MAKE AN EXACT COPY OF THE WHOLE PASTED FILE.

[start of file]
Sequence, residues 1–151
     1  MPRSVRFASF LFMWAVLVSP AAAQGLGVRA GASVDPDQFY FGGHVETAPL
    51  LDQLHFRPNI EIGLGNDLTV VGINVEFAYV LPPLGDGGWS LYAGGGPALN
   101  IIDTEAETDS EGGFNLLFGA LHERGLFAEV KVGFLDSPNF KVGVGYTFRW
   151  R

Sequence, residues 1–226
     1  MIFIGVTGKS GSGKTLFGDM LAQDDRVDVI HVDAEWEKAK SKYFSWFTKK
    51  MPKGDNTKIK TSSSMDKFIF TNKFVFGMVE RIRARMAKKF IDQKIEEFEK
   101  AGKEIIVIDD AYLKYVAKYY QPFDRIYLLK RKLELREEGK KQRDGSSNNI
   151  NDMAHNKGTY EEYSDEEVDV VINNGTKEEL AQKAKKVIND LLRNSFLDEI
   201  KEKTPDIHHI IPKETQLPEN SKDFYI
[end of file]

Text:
Sequence, residues 1–151
     1  MPRSVRFASF LFMWAVLVSP AAAQGLGVRA GASVDPDQFY FGGHVETAPL
    51  LDQLHFRPNI EIGLGNDLTV VGINVEFAYV LPPLGDGGWS LYAGGGPALN
   101  IIDTEAETDS EGGFNLLFGA LHERGLFAEV KVGFLDSPNF KVGVGYTFRW
   151  R

Sequence, residues 1–226
     1  MIFIGVTGKS GSGKTLFGDM LAQDDRVDVI HVDAEWEKAK SKYFSWFTKK
    51  MPKGDNTKIK TSSSMDKFIF TNKFVFGMVE RIRARMAKKF IDQKIEEFEK
   101  AGKEIIVIDD AYLKYVAKYY QPFDRIYLLK RKLELREEGK KQRDGSSNNI
   151  NDMAHNKGTY EEYSDEEVDV VINNGTKEEL AQKAKKVIND LLRNSFLDEI
   201  KEKTPDIHHI IPKETQLPEN SKDFYI